Date of Award


Document Type


Degree Name

Doctor of Philosophy


Religious Education, PhD

First Advisor

Werner K. Vyhmeister

Second Advisor

George R. Knight

Third Advisor

Robert D. Moon, Jr.


Problem. Many Seventh-day Adventist churches in Chile, South America, do not have the assistance of a resident pastor, and most of the work in the church is done by volunteer lay leaders. The highest officer of the church is the elder, who usually has no training in leadership nor in theology. What is the work of the elder of the local church? How well is he performing his tasks? No specific study of this problem was found in the literature, and because the elders in Chile appeared to be eager and willing to be trained, this study was designed to investigate these questions and to offer recommendations to aid in the development of a curriculum for the training of elders based on their perceived needs.

Method. Information about the duties of the elders was obtained by a study of the Seventh-day Adventist Church Manual. Twelve basic duties were identified, and for each one of them indicators were selected and standards established to measure the performance of the elders. Information about the elders was gathered by a questionnaire developed on the basis of the above-mentioned indicators and mailed to a representative randomly selected sample of 147 elders of the two conferences and one mission which comprise the Chile Union Mission of the Seventh-day Adventist Church. In spite of the distance from the re­ search population, the response rate was 88 percent. Data obtained included the frequency of task performance, level of agreement on a number of statements related to their duties, and self-evaluation of their perceived preparation to perform selected tasks.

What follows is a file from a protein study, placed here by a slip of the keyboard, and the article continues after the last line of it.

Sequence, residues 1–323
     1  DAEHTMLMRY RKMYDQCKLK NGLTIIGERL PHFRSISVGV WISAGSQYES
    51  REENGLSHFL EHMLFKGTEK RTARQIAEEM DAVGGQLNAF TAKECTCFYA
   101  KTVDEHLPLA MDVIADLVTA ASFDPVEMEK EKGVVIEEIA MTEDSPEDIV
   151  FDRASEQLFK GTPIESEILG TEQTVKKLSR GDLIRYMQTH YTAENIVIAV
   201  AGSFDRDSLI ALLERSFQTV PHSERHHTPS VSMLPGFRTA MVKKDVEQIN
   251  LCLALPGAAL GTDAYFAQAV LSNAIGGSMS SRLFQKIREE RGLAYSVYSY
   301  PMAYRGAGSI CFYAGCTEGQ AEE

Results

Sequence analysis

Findings. The answers the elders gave to the questions indicated that in a number of areas they felt reasonably well prepared to fulfill their duties. This may account for the measure of success they appear to have in their churches. In areas such as teaching adult Sabbath School classes, giving Bible studies, participating in different lay activities, helping members with counseling and advice, and in their concern for the spiritual welfare of the members, they felt they were performing well.

There were other areas in which the elders felt they were not perform ing as well as they would like, thus disclosing specific needs.

Some of these areas were: (1) understanding of and ability to explain the purpose and organization of an elementary church school; (2) the organization and functioning of a stewardship plan; (3) the planning of various activities; (4) writing objectives; (5) evaluating plans, pro­ grams, and activities; (6) adapting general plans to local situations; (7) advising the treasurer and the clerk; (8) leading out in a communion service; and (9) explaining youth work.

From the data it was concluded that the elders felt best pre­ pared to care for the duties they have been familiar with through the years. Some technical administrative skills, such as writing objectives and preparing plans, are conspicuous among their needs. Most of the needs discovered were instructional, but a few related to their personal habits and example, and some pertained to the congregation in general.

Recommendations. It was recommended, based on the needs discovered in this study, that (1) an instructional program for the elders be encouraged; (2) special emphasis be given to the concept that elders should not only know how to perform their duties, but should also be prepared to teach others; (3) the instructional program take into consideration the individual characteristics of the elders and local circumstances, using andragogical techniques such as problem-centered instruction and mutual assistance for problem solving in a group setting; and (4) pastors and elders engage in a serious continuing study on an ideal spiritual growth and nurture program for new believers in their churches.

Subject Area

Elders (Church officers), Laity--Seventh-day Adventists--Chile


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